Run time: 105 mins
In Theaters: Friday 23rd November 2012
Distributed by: Inception Media Group
Contactmusic.com: 3.5 / 5
Rotten Tomatoes: 36%
Fresh: 8 Rotten: 14
IMDB: 5.5 / 10
Director: Debbie Isitt
Producer: Nick Jones
Screenwriter: Debbie Isitt
Starring: David Tennant as Mr. Peterson / Roderick Peterson, Marc Wootton as Mr. Poppy, Pam Ferris as Mrs. Bevan, Jessica Hynes as Angel Matthews, Jason Watkins as Gordon Shakespeare, Adrianna Bertola as Herself
Also starring: Ian McNeice
After 2009's inane comedy Nativity, no one was clamouring for a sequel, but at least this one tips the scales into sublime silliness. If you can suspend your disbelief, this might even be a guilty pleasure, complete with stars behaving stupidly, adorable children and a series of hilariously corny pastiche Christmas songs.
Things continue to be rather chaotic at St Bernadette's Primary School in Coventry, mainly because the headmistress (Ferris) is still employing her idiotic nephew Mr Poppy (Wootton) as a classroom assistant. He's just scared off another applicant for the teaching job when the tenacious Mr Peterson (Tennant) arrives with his pregnant wife (Page), determined to stick it out. Somehow Poppy convinces Peterson to take the kids on an illicit cross-country journey to a Song for Christmas competition in Wales, at which the kids will face competition from school rival Mr Shakespeare (Watkins) as well as Peterson's estranged twin brother Roderick (also Tennant), a snooty composer with a professional choir.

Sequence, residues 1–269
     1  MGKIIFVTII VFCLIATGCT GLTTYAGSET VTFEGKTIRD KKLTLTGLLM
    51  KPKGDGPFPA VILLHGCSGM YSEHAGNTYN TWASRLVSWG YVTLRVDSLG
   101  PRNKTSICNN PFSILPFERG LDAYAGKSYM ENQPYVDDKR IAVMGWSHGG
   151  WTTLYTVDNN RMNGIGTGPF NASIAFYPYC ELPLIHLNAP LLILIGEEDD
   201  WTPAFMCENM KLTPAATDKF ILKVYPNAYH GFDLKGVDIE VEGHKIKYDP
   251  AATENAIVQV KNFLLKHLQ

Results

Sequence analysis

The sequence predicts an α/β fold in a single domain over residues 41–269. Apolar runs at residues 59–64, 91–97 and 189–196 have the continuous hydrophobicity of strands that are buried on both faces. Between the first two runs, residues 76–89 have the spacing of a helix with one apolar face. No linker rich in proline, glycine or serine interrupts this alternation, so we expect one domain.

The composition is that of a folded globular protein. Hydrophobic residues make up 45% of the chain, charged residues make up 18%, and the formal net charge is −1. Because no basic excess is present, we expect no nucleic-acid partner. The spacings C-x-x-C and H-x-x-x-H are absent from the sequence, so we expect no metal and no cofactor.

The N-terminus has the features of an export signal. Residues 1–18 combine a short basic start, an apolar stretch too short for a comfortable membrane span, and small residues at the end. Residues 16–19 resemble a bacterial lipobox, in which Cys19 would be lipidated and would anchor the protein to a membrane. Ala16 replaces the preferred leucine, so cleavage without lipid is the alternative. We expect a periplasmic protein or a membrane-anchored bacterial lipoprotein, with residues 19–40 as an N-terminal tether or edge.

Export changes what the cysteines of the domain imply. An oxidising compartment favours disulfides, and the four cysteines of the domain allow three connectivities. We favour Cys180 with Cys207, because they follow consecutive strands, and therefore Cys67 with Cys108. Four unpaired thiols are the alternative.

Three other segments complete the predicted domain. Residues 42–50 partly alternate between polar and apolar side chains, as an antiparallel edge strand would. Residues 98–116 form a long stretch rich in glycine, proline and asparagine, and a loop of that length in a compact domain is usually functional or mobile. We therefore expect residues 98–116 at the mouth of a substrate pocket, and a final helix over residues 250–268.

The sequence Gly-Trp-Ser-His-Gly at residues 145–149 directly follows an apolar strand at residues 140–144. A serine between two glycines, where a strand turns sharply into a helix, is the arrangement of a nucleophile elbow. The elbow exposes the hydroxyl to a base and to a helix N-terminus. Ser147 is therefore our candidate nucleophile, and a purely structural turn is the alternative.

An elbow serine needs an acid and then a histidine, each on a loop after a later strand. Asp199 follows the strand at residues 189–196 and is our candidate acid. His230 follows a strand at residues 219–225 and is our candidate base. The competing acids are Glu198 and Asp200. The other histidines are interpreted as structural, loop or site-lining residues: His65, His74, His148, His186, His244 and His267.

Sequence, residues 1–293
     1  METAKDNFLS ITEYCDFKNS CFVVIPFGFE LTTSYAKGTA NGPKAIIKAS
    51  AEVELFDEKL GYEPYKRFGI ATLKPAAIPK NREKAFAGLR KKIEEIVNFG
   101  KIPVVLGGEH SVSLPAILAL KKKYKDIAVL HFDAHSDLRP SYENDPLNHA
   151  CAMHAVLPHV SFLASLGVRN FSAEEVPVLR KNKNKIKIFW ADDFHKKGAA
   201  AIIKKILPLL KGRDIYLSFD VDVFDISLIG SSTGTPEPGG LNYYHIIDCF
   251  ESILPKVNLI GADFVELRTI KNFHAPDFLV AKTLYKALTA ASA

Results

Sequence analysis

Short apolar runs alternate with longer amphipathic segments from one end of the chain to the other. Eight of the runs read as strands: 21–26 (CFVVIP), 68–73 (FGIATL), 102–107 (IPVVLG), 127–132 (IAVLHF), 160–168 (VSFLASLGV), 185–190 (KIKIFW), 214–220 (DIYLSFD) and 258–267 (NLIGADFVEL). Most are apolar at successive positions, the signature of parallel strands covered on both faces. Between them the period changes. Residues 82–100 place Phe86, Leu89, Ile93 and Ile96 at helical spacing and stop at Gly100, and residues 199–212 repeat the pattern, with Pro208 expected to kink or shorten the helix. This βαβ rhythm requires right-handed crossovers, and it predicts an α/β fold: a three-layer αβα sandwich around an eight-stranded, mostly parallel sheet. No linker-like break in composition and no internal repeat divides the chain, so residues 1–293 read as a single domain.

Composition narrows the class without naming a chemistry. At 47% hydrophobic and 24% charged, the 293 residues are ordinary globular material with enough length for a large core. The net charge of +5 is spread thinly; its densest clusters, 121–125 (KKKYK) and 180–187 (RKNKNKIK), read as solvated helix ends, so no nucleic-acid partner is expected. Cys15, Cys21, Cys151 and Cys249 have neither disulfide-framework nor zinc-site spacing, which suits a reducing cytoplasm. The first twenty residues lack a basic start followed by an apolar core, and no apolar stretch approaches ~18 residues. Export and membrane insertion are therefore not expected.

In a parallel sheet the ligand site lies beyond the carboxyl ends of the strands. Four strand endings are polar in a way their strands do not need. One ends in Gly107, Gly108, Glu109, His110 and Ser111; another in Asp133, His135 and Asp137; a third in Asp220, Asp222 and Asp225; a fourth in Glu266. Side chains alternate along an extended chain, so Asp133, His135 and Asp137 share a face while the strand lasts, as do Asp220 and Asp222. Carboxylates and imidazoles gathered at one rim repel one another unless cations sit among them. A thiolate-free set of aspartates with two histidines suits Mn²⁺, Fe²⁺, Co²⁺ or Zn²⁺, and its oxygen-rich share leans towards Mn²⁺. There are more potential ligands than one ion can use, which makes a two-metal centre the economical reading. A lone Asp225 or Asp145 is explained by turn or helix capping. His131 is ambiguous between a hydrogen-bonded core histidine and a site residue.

The plot is utterly preposterous, and as the wacky events progress, writer-director Isitt never even tries to ground the movie in realism. In fact, there's a point about halfway through where it becomes pure fantasy, so complaints about believability don't really apply. The only way to survive watching it is to sit back and enjoy the inane plot and goofy slapstick. And by doing so, we're surprised that the film is actually rather enjoyably ridiculous.
Most of the characters are as simple as you'd expect, and Tennant bears the brunt of the most frantic gags with exasperated good humour. Wootton generates just a tenuous hint of humanity in the infuriatingly dim-witted Poppy. And Hynes steals the show as the vain compere of the big competition, where children's choirs sing a series of riotously funny parodies of Christmas songs that are so clever you'll want a copy of the soundtrack. Yes, it's broad and dopey and packed with blatantly irresponsible behaviour. But kids - and the kid inside us - will love it.